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Thursday, 9 March 1972
Page: 682


Senator BROWN (Victoria) - The matter with which 1 propose to deal concerns the payment, or rather the nonpayment, of unemployment benefits. I am sure that, honourable senators will recall that some weeks ago there was a protracted industrial dispute in my home State of Victoria and, from memory, I think the dispute ended on 15th February, because it was on that day that the Minister for Social Services (Mt Wentworth) issued a Press statement of which I have a copy. I obtained the copy this evening from the Parliamentary Library and I propose to quote only three or four paragraphs of this very extensive statement by the Minister with respect to this subject matter. Among other things, the Minister said:

Payment of unemployment benefit to members of unions participating in the State Electricity Commission strike was refused in accordance with the procedures laid down under the Labor Government on the instructions of Mr Chifley, Dr

Evatt and Senator McKenna. These procedures have not been varied since the time they were first determined.

The Minister went on to say:

Nov.' that the State Electricity Commission strike has ended it will be possible to pay unemployment benefit without this restriction.

He further said:

Those who registered between the 1st and the 8th February will of course be eligible for Unemployment Benefit as from 15th February if they are still unemployed, but whether they are paid benefit for the period between 8th and 15th February

That was approximately the duration of the dispute- will depend upon whether they lost their employment because of the strike and belonged to one of the unions sponsoring it.

He went on to say finally:

It will be appreciated that the heavy unemployment caused to other workers by the State Electricity Commission strike has put an inordinate toad of work on to the Department, but f have given instructions that delays in determining eligibility for unemployment benefit in respect of the period between the 8th and 15th February should be reduced to the absolute minimum.

I think any reasonable person would have, interpreted that statement by the Minister o have been an instruction or, if you like, a ruling directed to officers of the various district branches of the Commonwealth Employment Office to begin to assess the entitlements of those who have lodged claims during that period of the industrial dispute in Victoria for the purpose of processing those claims and making payment accordingly. But I find that in an address in another place last Thursday night, 2nd March 1972 - his remarks are recorded at page 563 of Hansard - a colleague of mine raised this matter again with the Minister. He said:

I intended to raise this matter last Thursday, during the debate on unemployment benefits, but in order to save time I discussed the matter with the Minister and officers of the Department. I was informed that a ruling had been made that day and that it would be in transit to the Melbourne office of the Department of Social Services that afternoon.

I remind the Senate and the AttorneyGeneral (Senator Greenwood), who represents in this chamber the Minister for Social Services, that the statement I first read was issued as a Press statement by the Minister for Social Services on 15th February. The extract I have just quoted from Hansard indicates that the Minister had decided to issue an instruction on 24th February, exactly 9 days later. I thank my colleague, the honourable member for Corio, Mr Scholes, for the information he supplied to me this evening in order to bring to the notice of the Senate the fact that whatever instructions have been issued, if they have been issued, they certainly have not been able to traverse the pipeline between Canberra and the Geelong office of the Commonwealth Employment Office. My colleague informed me this evening that he communicated with an officer at the Geelong office and was informed that approximately 5,000 people had registered for employment with that branch and that of thos? 5,000 between 2,000 and 3,000 had lodged applications for unemployment benefit. But the Geelong office was unable to process those applications because it had no clear instructions as to precisely how they were to be processed.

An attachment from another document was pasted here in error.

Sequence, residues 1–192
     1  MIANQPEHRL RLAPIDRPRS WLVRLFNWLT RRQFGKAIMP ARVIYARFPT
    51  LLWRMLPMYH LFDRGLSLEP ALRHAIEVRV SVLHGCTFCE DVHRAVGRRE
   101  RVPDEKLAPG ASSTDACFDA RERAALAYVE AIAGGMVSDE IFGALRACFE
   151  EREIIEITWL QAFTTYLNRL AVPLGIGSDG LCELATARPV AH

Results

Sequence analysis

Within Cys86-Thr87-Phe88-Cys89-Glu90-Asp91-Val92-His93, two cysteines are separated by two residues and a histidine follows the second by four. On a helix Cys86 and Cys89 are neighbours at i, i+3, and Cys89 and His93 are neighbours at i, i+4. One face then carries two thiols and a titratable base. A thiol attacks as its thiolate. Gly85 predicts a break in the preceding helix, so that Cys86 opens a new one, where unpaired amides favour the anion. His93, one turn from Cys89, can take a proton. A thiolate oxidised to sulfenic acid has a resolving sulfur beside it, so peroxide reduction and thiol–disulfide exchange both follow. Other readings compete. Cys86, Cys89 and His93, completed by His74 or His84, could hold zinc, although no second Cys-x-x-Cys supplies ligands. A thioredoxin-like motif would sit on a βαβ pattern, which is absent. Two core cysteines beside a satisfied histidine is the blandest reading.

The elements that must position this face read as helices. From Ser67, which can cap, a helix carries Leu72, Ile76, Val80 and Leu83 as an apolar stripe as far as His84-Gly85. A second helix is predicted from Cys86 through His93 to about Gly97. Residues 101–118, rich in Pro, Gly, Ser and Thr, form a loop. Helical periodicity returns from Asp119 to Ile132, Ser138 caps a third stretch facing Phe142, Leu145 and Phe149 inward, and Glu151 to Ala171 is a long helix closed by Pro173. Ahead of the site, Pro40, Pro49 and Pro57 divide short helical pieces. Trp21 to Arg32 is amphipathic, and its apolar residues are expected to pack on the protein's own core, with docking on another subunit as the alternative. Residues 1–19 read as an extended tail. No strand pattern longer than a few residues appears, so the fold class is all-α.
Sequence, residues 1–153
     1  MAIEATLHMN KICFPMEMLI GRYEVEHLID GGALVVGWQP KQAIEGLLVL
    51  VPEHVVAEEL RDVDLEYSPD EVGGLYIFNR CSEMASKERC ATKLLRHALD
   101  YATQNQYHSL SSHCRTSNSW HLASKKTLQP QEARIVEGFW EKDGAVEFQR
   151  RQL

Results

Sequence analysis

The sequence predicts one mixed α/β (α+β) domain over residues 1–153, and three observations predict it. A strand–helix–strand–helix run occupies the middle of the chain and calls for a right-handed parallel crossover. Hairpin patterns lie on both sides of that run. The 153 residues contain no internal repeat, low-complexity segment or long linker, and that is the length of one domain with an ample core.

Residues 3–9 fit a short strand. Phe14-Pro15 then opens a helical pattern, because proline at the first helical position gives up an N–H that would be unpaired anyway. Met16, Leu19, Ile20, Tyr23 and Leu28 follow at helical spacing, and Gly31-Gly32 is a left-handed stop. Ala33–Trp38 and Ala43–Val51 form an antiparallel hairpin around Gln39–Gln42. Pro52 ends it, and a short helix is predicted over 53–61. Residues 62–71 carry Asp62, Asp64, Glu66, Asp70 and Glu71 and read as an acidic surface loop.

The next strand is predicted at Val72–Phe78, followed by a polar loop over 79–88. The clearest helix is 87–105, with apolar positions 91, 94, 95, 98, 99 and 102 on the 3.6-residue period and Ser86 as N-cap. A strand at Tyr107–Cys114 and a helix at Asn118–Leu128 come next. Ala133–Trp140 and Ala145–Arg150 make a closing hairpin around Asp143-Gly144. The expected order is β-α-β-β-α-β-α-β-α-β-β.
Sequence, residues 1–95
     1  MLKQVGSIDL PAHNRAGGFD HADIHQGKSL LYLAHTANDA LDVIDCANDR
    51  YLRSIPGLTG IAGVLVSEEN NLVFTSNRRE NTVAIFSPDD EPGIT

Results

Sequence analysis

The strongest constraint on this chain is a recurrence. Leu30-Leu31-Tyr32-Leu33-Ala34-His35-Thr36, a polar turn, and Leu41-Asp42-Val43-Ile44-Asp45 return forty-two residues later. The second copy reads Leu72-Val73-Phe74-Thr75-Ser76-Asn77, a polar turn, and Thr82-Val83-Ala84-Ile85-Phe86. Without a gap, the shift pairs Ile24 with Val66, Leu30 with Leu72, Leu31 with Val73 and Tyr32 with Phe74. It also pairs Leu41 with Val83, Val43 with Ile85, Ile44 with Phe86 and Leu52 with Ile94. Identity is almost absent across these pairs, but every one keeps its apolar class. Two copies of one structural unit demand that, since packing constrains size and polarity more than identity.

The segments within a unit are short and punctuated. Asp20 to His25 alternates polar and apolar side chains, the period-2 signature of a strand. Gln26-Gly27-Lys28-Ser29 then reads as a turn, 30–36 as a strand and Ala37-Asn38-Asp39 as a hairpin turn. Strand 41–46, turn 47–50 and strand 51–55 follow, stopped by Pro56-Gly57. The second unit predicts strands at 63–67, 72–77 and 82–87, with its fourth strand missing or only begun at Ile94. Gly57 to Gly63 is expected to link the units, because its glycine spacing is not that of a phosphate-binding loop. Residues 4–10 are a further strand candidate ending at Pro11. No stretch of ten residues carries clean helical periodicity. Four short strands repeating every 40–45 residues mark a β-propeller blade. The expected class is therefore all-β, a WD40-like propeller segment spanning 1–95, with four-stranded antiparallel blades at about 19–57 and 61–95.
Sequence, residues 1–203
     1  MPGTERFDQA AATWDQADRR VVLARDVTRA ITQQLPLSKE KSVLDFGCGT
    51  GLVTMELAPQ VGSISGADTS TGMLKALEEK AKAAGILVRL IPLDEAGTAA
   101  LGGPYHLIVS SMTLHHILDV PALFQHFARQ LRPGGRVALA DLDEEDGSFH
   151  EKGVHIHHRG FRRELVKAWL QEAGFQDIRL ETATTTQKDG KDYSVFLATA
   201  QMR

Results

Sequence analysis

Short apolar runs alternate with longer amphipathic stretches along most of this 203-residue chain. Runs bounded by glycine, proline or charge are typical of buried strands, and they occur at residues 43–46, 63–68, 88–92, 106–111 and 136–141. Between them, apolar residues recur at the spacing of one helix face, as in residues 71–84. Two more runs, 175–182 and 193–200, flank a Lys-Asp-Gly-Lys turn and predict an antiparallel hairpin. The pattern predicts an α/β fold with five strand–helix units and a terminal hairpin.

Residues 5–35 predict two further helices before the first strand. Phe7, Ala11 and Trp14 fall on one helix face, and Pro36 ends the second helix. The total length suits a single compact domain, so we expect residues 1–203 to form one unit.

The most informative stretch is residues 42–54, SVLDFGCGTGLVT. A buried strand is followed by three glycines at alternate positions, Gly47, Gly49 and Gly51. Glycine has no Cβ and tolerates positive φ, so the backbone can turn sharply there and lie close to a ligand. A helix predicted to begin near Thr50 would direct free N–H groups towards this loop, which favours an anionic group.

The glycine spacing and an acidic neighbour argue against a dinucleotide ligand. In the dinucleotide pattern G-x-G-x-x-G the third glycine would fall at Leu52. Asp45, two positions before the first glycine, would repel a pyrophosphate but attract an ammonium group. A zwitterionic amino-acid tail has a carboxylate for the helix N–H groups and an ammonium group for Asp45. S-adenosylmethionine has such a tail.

I do not think I need delay the Senate unduly by canvassing the hardship of the individual who is affected by unemployment. He suffers hardship not only during the course of that unemployment but also post unemployment, because it can take very many months and in fact years before what he has lost during his unemployment is made up. f think the Minister will agree that this undue delay simply aggravates that hardship and the distress these people experience during the course of unemployment. I cannot say precisely what is the position in the metropolitan area but if the state of affairs in the Geelong district is any indication and it has an application to the metropolitan area, then the number of people being deprived of a payment to which they are absolutely entitled at the present moment would be astronomical in the metropolitan area. I. frankly do not believe that this situation can be tolerated. I ask the Minister to inform the Senate whether instructions have been issued, whether those instructions in. fact have been acted upon, and by what means they are being acted upon. I ask the Minister to treat this matter as urgent because 1 am sure he will agree, as will every honourable senator in this place, that it is a matter which requires immediate attention in order to provide entitlements to those people who have lodged claims for unemployment benefit. Although their claims may have been lodged as far back as a month, they still have not received any payment to date.







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